February 15, 2017—During 2017, elections will be held in the Netherlands, France, Germany, and probably Italy. Popular support for alternative parties in these countries is rising. Most espouse nationalist and anti-immigrant sentiment. These parties also favor withdrawal from the European Union (EU). In the wake of Brexit, the departure of any one of these “core EU” countries could spell doom for both the euro as a currency and the EU itself. Consequently, it would be an adverse market development if any of these alternative parties were to come to power.   

Judging from recent stock market returns, European investors do not as yet appear overly concerned (Table 1). However, the surprise outcomes of the U.K.’s Brexit vote and the U.S. presidential election underscore that “de-globalization politics” are complex and unpredictable. This post provides our current views regarding the potential outcomes of these elections.

Table 1

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Source: Bloomberg

Dutch lower house March 15 election

Polling suggests that Prime Minister Geert Wilders’ Freedom Party will place first, with about one-fifth of the seats in the Dutch parliament. Freedom is nationalist, anti-immigrant, and anti-EU. A Wilders first-place finish will no doubt garner considerable media attention. However, the current two-party governing coalition of the Labour Party, led by Mark Rutte, and the People’s Party, is also expected to win about one-fifth of the seats. Additionally, leftist parties in combination will likely control a larger number of seats than either Wilders or Rutte. They could conceivably form a minority government, if they can overcome policy and personality differences. In either case, large majorities in parliament are likely to block a Freedom-led government. (An interesting aside: The Dutch government is moving back to paper ballots because of a fear that its electronic voting systems will be hacked.)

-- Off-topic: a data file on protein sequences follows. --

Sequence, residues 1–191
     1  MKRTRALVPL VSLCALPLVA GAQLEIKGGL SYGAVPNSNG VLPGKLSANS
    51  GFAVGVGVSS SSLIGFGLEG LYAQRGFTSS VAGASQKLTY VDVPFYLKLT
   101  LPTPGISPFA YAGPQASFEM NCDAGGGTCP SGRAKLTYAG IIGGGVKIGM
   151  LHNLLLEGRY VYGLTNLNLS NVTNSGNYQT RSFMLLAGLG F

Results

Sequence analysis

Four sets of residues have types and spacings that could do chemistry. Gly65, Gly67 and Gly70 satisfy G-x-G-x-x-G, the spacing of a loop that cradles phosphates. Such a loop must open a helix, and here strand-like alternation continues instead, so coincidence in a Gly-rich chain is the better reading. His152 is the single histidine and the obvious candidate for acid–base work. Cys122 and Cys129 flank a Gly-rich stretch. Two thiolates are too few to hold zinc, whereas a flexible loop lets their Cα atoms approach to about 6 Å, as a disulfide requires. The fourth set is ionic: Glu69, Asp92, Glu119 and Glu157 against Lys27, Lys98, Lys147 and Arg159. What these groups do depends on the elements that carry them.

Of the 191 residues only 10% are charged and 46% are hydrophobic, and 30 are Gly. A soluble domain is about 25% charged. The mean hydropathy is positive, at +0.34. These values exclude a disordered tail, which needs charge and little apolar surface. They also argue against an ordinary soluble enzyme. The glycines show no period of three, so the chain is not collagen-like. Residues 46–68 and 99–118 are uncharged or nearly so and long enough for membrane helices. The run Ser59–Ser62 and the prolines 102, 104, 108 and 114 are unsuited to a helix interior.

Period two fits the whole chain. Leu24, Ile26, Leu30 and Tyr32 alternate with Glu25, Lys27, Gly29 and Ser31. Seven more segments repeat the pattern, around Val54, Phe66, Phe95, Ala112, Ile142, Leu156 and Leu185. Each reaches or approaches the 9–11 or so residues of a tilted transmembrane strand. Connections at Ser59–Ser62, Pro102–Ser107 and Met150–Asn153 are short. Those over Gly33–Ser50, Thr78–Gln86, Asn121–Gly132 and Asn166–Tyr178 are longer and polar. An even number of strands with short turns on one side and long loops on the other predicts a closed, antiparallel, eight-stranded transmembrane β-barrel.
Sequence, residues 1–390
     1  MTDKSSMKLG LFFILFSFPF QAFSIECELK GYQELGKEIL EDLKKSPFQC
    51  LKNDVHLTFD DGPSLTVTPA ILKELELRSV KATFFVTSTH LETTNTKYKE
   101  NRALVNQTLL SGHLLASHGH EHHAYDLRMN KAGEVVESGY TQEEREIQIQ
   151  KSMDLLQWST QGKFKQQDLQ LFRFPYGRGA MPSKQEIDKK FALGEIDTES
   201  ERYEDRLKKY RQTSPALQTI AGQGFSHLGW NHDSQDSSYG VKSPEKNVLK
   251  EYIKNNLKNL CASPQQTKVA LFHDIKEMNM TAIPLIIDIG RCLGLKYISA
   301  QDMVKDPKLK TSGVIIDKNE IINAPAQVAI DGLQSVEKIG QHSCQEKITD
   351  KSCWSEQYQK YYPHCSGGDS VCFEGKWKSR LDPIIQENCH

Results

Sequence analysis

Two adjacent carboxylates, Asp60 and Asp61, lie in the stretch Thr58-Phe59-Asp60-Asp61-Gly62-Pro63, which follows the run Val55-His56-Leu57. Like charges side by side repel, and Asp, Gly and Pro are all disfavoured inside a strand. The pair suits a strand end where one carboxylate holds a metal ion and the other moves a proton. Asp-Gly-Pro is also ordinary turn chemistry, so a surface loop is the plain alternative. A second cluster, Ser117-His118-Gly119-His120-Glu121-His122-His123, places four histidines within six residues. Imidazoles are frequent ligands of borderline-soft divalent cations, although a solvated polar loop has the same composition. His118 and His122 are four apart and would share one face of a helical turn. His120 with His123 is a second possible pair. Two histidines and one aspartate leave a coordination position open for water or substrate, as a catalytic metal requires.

Table 2

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Source: i & o research; WTIA

French presidential election—initial round on April 23 with runoff on May 7

In the French political system, the president wields considerable power, much as the U.S. president does. Polling suggests that Marine Le Pen, leader of the National Front, will cop the top spot in the initial round, with 25% support. The National Front is nationalist, anti-immigrant, and pro-Putin. Le Pen has also promised to conduct a referendum on French EU withdrawal. Three moderate pro-EU candidates are each polling at between 15% and 21% in the initial round. Initially, it was thought that Francois Fillon, the Republican candidate, would likely place second in the initial round. However, revelations that Fillon had placed his wife and children on the government payroll have weakened his support. It now seems likely that independent candidate Emmanuel Macron will take second place in the initial round. For the runoff, the conventional wisdom is that opponents of National Front policies will support Le Pen’s challenger, leading to her loss by a considerable margin.